By Charles Asher Small
Baku, May 23, AZERTAC
Religious freedom for Jewish communities is rare. Surprisingly, one of the countries that allows the Jewish Community to practice freely is Azerbaijan, a predominantly Muslim country. Azerbaijan is 96 percent Muslim and has over 2,000 Mosques. There are also 13 churches and seven synagogues. The Jewish Community has equal rights under the law, and there is a vibrant community. There are only 16,000 Jews, while the total population of Azerbaijan consists of 10 million people. This level of acceptance of the Jewish community and Jewish religious practice is rare in a Muslim country. Jewish communal live stretches back to at least the seventh century. Although there is a history of Jewish persecution, even resulting in pogroms in the 18th and 19th centuries, Baku became an early and important center for the Zionist movement in the early 1900s. Many of the Azerbaijani Jews moved to Israel – especially those that are referred to as the “Mountain Jews”. In the 1970s the Soviet crackdown on Jewish and Zionist activities throughout the Soviet Union was also felt in Azerbaijan, with the official banning of all aspects of Jewish political and religious life. However, with the fall of the Soviet Union, a more tolerant form of governance emerged. This acceptance is due largely to the Azerbaijan policy of multiculturalism, or the idea that a variety of religious, racial or ethnic groups can peacefully coexist while maintaining their distinct beliefs and practices. In Azerbaijan, the different religions live and interact together and have equal rights. However, they are able to preserve their unique religious traditions and beliefs. The idea that Azerbaijan tries to convey with this policy that all belong to society, regardless of their race, religion and nationality. Multiculturalism was adopted as an official state policy only in 2014. Though the ideas of multiculturalism can be traced at least to 1992 when the law of the Republic of Azerbaijan declared the right of every individual to choose their religion. The Jewish community of Azerbaijan consists of three subgroups, Mountain Jews, Ashkenazi Jews and Georgian Jews. There is a vibrant Jewish community in Azerbaijan, which notably consists of the Ohr Avner Chabad Center for Jewish Studies in Baku which opened in May 2010. The Chabad Center , located in Baku consists of a day school, a kindergarten, residence halls, a scientific center, and a library. Moreover according to the Report on Global Anti-Semitism, published by the United States Bureau of Democracy, Human Rights, and Labor in 2005, the Azerbaijan Government was lauded for taking a stand against antisemitism. Additionally, members of the community participate in Government positions and had a Jewish member of the community serve in the National Assembly of Azerbaijan in 2005. Furthermore, there are well-known Jewish members of the community in business, the profession and the arts. Experts see Azerbaijan as a model for other countries, specifically Muslim nations. This is especially evident in light of an Israeli delegation trip to Azerbaijan in 2017. The World Jewish Congress also sent a delegation in 2016 to Azerbaijan. The WJC praised the efforts of Azerbaijani President Aliyev. The delegation noted that President Aliyev was engaged with the Jewish Community and addressed their concerns. Furthermore, Azerbaijan has good ties with Israel, which was evident by Prime Minister Netanyahu’s visit in December 2016. President Aliyev and Prime Minister Netanyahu discussed several issues and signed agreements, most notably the creation of a joint Economic Commission. Among the issues discussed were tourism, and the creation of a direct flight between the two countries, cooperation in agriculture and cooperation in education. It was a productive visit that helped strengthen the already strong ties between Azerbaijan and Israel, and the Jewish community as a whole. Multiculturalism is such an important part of Azerbaijan that every two years they host the World Forum on Intercultural Dialogue. This year the 5th World Forum on Intercultural Dialogue was held in May in Baku, Republic of Azerbaijan . The forum is run by the Baku Process with collaboration from UNESCO, the UN Alliance of Civilizations, UNWTO, the Council of Europe, ISESCO, and UNFAO. The Forum’s goal is to bring scholars, ministers, professionals and others from all over the world to discuss and learn from each other. The forum, in partnership with UNESCO, has succeeded in the past in bringing over 800 participants from more than 120 countries. It is an opportunity for individuals from different ethnic, cultural, religious and linguistic backgrounds to discuss and learn from each other.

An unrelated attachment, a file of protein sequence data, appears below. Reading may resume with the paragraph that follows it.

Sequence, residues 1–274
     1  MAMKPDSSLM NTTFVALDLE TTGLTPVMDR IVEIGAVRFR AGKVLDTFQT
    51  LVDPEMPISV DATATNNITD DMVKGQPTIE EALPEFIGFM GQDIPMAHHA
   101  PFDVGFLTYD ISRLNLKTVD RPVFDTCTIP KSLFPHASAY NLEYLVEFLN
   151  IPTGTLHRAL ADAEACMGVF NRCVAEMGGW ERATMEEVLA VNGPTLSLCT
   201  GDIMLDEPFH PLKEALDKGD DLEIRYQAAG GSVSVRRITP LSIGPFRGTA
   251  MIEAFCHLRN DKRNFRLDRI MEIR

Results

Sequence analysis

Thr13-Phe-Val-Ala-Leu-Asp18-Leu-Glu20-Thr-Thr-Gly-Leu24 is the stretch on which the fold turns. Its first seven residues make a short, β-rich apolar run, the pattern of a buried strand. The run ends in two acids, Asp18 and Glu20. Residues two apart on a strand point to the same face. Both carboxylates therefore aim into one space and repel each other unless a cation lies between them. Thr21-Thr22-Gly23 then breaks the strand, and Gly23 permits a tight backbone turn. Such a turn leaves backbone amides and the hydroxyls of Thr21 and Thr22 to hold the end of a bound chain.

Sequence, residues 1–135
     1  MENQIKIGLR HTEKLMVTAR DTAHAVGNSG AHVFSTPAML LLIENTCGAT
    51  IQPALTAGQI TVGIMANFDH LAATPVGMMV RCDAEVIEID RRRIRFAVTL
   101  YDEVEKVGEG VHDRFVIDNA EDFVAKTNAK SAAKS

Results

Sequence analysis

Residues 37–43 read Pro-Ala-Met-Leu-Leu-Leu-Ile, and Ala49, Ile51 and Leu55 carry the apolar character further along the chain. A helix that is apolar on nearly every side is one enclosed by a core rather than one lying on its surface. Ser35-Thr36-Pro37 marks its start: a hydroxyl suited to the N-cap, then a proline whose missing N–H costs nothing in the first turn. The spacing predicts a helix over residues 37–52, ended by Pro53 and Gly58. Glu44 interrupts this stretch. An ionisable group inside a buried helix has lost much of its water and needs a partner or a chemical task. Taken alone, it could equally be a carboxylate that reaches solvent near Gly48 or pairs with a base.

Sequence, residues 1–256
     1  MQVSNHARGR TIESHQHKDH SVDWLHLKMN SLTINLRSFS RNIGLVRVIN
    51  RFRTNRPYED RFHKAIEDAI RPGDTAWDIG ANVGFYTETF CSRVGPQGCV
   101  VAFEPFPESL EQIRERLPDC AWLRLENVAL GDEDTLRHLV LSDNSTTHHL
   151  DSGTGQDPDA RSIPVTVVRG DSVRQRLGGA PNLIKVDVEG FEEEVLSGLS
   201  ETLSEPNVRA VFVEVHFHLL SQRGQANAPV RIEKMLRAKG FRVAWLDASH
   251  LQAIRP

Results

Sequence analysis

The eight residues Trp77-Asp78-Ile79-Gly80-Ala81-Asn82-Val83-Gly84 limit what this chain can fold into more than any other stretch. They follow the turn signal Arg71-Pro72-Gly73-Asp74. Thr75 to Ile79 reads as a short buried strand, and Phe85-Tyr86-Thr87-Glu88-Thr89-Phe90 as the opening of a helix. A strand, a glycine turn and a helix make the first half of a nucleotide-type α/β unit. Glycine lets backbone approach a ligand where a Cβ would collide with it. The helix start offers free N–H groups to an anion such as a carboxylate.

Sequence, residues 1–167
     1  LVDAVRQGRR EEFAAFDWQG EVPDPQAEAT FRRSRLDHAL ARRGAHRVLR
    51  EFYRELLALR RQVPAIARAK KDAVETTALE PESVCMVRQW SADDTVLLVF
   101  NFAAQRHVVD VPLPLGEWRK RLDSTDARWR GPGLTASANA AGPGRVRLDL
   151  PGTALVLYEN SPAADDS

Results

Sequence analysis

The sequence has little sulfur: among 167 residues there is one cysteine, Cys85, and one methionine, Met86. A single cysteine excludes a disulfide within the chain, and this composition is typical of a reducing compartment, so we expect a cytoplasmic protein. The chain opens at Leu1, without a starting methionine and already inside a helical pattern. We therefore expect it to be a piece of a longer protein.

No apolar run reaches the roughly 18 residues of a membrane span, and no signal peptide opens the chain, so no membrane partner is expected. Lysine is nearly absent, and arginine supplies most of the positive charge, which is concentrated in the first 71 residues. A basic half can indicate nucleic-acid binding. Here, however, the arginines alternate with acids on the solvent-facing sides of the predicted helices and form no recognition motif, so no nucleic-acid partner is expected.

The theme of the Forum is “Building dialogue into action against discrimination, inequality and violent conflict”, or the idea of using intercultural dialogue to prevent violence and discrimination in communities. The goal is to find ways for different groups to peacefully coexist in the same community. In the wake of global turmoil regarding radicalization, sectarianism and growing security concerns, Azerbaijan serves as a regional and global beacon of hope.
Dr. Charles Asher Small is the founding director and president of the Institute for the Study of Global Anti-semitism and Policy (ISGAP). Charles was the founding Director of the Yale Initiative for the Interdisciplinary Study of Antisemitism (YIISA), the first interdisciplinary research center on antisemitism at a North American university too.
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